1) A late
September episode of the CBS drama Touched by an Angel (Sundays at 8pm
ET) featured a story line favorable to the pro-life viewpoint. (See
the October 10 CyberAlert.) This past Sunday the show more than made
up for that drift to the right with a plot directly from the Hollywood
Left's imagination as the angels try to fix the evils resulting from
the blacklisting era. While even many conservatives would agree that
Senator McCarthy's tactics went too far and hurt some innocent people,
communism did exist, represented a genuine threat and was advocated by
many in Hollywood.
November 16 episode of the family-oriented drama, however, there were
only victims of lies. No one was guilty of anything, MRC analyst Adam
Pogash concluded after watching the program.
friendly show revolves around three angels who intervene in people's
lives in order to convince them to do what is correct. In the latest
show, Monica, one of the angels, is assigned to Libby Glaser, a
powerful Los Angeles talent agent who is working to have her
blacklisted father's credit restored to the films he wrote in the
1950s. Libby blames the blacklisting for her father's suicide.
As the show
opens Andrew, another angel, explains the blacklisting to Monica:
"It was a product of the Cold War. It was a time when fear of
communism shattered a lot of lives and families, like Libby's. You
know it all began with naming names, People who were even accused of
being Un-American, they lost their jobs. Friends betrayed friends,
marriages were broken apart and Libby's father, Bud Glaser, he
couldn't work for the last six years of his life, at least under his
Tess and Monica are discussing how it could be that an innocent man's
life was destroyed by the hearings, merely by having his name turned
in by his friend, Clive. Tess insists: "Some movie people were
given the chance to testify in secret, clear their name without a lot
of publicity. So Clive just told them the lie they wanted to
hear." When Monica asks how Clive could have betrayed his friend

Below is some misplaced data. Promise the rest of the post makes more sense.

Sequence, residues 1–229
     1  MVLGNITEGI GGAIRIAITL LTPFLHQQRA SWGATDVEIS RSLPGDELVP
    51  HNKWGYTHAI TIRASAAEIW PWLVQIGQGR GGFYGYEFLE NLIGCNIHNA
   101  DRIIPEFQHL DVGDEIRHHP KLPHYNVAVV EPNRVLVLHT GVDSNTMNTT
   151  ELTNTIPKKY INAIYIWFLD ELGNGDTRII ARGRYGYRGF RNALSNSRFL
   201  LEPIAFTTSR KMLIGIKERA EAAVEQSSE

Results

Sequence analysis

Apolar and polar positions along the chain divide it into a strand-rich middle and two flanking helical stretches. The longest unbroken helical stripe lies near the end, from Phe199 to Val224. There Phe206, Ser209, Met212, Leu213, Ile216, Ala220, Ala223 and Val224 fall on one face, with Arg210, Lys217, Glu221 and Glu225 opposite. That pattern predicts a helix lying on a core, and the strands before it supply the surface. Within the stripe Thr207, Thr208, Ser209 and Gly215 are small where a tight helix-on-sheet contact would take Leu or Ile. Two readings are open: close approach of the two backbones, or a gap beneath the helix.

like that, Tess responds: "Fear, baby. That committee had him
good and scared. Clive did it to save his career." Monica asks
"If Bud wasn't a communist, why didn't he just clear his name and
tell the truth?" Tess tells her: "Well Bud tried to, but in
those days people weren't looking for the truth, they were looking for
names." In fact, recalling how she worked as Bud's maid in the
1950s, Tess asserts that was a time "when freedom was not reining
through the land."
being concerned about the evil of communism -- a system that is
responsible for the ruthless killing of millions of people -- doesn't
fit into this equation. Replace the word "communist" with
"Nazi" and one doubts if being concerned about identifying
its adherents would be so blithely dismissed in prime time.
concluded with Libby Glaser accepting an award for her father as his
name is restored. She declares: "The blacklist was a terrible
thing. Friendships were destroyed, families were destroyed, lives were
destroyed. And all because people were afraid to tell the truth, to
live the truth. We can't let that happen anymore, because if we do, it
means that Joe McCarthy won, and God lost. Bud Glaser wrote the movie
you are about to see, 'Salvation's Child'. It asks the question 'What
if we weren't free to believe in God?' It was written in a time when
many of our freedoms were in jeopardy. The freedom to think, to love,
even the freedom to forgive. Tonight, you have not just restored
credit to my daddy, you have restored the truth, and now he is finally
free. I thank you for that, and I thank God."
Of course, in
communist countries there is no freedom to believe in God or to
express your thoughts.
creators of Murphy Brown (Wednesdays at 8:30pm ET) took a break last
week from praising the Clinton administration and the wonders of
marijuana, to revert to their Bush-era fondness for making fun of
episode which aired November 12, a conservative socialite named Athena
Killington (a la Arianna Huffington) makes a faux-pas during a TV
interview when she refers to Murphy as "The caviar communist
whose backwards moralizing is nothing more than a tumor on
society." Her comments aired the same day that Murphy, a TV
reporter in the sit-com, went public with her breast cancer. As the
shallow, image-conscious Athena Killington put it, "It seems as
though my ill timed remark has dug me into something of a hole. And as
a result, Athena Killington got a down arrow from Newsweek magazine.
And even though they may be the mouthpiece of the liberal media, it
episode, notes the MRC's Adam Pogach, is dedicated to bashing the
conservative movement. The underlying theme is that conservatives are
heartless, uncaring, hypocrites. Murphy is invited to a party hosted
by Killington because Athena thinks it would be a good PR move for
them to be photographed together after the fateful "tumor"
remark. Athena, who has just written a book about turning 50 when she